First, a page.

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Global Media and Communications Watch The International Legal Blog for the Tech, Media and Telecoms Industry
Posted in Policy & Regulation Yvonne DraheimSabrina Dücker

When 3D-printing challenges IP rights

3D-printing changes the way we develop products: an idea can be transformed into a tangible product faster than ever and it is not even expensive anymore.

But what is 3D-printing? Simply put, it is a machine that builds an object out of base materials bu successively stacking thin layers of the material in accordance with a Computer-Aided Design (CAD). The major advantage over conventional moulding processes is its adaptability: one 3D printer can print any template and does not require prefabricated moulds. the template can be created by using a CAD program or by using special 3D scanners if the object already exists.

The first patent application in connection with 3D-printing was filed in the 1980s, but it took decades for 3D-printing to become as viable as it nowadays. Today, 3D-printing offers various printing methods and can print almost anything from medicine, weapons, to organs and even food (Bioprinting). This versatility allows 3D-printing to revolutionalize almost every industry sector.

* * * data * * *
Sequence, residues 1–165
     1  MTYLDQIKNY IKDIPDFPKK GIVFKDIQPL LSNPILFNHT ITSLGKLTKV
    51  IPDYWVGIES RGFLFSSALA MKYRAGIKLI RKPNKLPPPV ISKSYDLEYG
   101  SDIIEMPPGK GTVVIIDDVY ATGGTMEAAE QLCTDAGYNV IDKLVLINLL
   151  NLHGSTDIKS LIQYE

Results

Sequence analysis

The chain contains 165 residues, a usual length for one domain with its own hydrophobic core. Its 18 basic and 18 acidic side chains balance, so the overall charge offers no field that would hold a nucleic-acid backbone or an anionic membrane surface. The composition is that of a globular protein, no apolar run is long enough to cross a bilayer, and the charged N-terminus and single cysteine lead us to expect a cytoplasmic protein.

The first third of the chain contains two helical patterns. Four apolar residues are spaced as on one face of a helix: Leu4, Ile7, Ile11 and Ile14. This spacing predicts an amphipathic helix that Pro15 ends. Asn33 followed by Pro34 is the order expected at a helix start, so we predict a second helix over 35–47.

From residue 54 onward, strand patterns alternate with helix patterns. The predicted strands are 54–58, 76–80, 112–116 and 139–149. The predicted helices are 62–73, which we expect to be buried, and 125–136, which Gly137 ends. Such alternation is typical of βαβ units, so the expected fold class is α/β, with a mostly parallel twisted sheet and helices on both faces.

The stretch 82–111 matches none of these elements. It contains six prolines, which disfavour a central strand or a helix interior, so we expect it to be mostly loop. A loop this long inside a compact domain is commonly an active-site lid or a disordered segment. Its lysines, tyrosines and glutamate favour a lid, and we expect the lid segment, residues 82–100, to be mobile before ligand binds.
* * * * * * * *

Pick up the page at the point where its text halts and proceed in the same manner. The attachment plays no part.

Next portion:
Since the prices have fallen, 3D-printers are no longer just a product for the industry but for everyone. On the internet, templates can be exchanged on online forums (both legally and illegally).

Businesses need to take note

Entrepreneurs should acknowledge the potential of this technolgy and should not be lagging behind developments in this area. However, despite its benefits, 3D-printing also poses risks with regard to IP rights:

  • For example, the question of liability is raised where print shops create products from originals provided by third parties and from online file-sharing networks for 3D-print templates.
  • Also, users of 3D-printers have to make sure that no IP rights, e.g. patents, designs and trademarks, will be infringed.
  • If you commission another company to create templates for your own 3D-printers, or if you delegate the entire print job to them, it should be ensured that you will have full legal access to the result.
  • Finally, if 3D-printed products impair your IP rights, you should be well prepared to request the desctruction of the products and assert claims for injunctive relieff and damages against the infringer. Also, the circulation of the CAD in online forums should be stopped by requesting the operators to remove the template and to prevent a re-upload

Want to know more?For further information on the impact of 3D printing across industry sectors and legal fields, please visit our HL.com topic centre and read our related posts.